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The virtuoso musician detained as a child

South African Leon Bosch was imprisoned at 15 for organising a protest against apartheid. On his release, he took up the double bass with a passion, fighting racism with his music

Today, Leon Bosch is one of the most respected classical double bass players in the world but as a teenager he was made a political prisoner in South Africa because of his peaceful resistance to the apartheid regime – an experience that has haunted him for most of his life. But that time in prison also drove him to commit to playing the double bass with a passion; he speaks to Jo Fidgen about how he has used his music to resist a system that said he would never amount to anything.

Clarence B Jones was speechwriter and lawyer to civil rights leader Martin Luther King. Clarence was reluctant when he was first approached about the job but Clarence soon became a trusted member of his team. For the famous march on Washington in 1963, he wrote Dr King a speech. Though there would be a surprise in store for him… Clarence tells Outlook how Dr King came to make his iconic ‘I have a dream’ speech.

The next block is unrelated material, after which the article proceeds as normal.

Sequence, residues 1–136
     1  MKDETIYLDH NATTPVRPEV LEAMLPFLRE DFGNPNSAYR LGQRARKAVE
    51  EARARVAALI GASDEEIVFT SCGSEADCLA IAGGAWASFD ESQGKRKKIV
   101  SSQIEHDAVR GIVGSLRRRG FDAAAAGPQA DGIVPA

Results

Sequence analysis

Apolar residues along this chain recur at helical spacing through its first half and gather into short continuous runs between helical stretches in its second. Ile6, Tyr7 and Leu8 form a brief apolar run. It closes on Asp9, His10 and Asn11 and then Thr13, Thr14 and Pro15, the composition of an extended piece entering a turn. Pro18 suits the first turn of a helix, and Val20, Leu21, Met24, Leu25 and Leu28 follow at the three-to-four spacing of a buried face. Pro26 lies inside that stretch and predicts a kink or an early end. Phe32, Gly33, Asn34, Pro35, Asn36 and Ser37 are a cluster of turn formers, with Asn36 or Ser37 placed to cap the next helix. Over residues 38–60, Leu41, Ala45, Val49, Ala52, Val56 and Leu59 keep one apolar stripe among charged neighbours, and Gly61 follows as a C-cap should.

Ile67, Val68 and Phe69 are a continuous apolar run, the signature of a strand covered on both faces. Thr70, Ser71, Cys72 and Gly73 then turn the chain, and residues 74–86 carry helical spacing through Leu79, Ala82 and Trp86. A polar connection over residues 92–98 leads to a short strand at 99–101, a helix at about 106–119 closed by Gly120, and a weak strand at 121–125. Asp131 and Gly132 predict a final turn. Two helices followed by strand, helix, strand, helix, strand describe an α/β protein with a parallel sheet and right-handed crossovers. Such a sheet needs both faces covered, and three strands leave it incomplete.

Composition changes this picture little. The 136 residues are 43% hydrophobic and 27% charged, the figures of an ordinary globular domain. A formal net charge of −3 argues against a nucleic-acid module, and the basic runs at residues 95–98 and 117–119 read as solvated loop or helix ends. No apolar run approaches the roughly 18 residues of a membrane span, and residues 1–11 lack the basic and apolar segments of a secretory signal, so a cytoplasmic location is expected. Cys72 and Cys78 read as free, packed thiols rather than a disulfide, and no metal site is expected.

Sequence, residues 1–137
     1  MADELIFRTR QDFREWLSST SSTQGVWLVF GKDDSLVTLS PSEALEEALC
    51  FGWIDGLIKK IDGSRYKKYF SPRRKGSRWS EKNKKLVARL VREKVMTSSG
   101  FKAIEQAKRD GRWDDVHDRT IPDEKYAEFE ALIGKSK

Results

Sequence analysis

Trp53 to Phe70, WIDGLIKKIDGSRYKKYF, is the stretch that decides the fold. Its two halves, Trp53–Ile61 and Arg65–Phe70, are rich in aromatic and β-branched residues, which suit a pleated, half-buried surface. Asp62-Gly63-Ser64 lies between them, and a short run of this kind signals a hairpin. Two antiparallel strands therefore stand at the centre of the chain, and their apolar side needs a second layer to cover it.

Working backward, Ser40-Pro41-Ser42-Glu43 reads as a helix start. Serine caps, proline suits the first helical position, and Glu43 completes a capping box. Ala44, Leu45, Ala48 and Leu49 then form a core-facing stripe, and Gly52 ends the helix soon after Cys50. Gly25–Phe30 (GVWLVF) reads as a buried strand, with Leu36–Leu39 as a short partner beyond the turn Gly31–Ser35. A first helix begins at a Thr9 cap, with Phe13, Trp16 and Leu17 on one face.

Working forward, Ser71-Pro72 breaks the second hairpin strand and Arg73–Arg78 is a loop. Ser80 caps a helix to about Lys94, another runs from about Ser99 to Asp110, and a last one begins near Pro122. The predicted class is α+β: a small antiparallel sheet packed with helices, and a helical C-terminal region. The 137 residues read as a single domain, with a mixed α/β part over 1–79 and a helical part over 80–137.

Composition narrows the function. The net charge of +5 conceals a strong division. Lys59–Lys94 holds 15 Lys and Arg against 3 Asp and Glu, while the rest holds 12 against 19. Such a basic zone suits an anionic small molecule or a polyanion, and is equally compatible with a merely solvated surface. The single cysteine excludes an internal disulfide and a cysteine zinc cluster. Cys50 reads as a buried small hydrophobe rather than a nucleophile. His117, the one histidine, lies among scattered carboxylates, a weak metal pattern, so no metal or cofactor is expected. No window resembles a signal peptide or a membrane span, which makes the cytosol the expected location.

Another man who knew Martin Luther King well is Tom Houck, a white teenager who accidentally became his chauffeur. Tom was a 19 year old activist when he met Dr King. He tells Outlook’s Emily Webb about getting to know Dr King and his family.

Picture: Double-bass player Leon Bosch
Credit: Photography Juno Snowdon / Art Direction Adam Hypki

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53 minutes

Last on

Tue 21 Jan 2020 04:06GMT


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Lives Less Ordinary: The new podcast from the Outlook team

Lives Less Ordinary: The new podcast from the Outlook team

Step into someone else’s life and expect the unexpected